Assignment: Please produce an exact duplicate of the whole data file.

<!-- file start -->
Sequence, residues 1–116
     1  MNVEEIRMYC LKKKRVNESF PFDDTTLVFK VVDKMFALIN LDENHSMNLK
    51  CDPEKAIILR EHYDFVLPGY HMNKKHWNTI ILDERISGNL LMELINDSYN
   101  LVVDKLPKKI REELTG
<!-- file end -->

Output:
Sequence, residues 1–116
     1  MNVEEIRMYC LKKKRVNESF PFDDTTLVFK VVDKMFALIN LDENHSMNLK
    51  CDPEKAIILR EHYDFVLPGY HMNKKHWNTI ILDERISGNL LMELINDSYN
   101  LVVDKLPKKI REELTG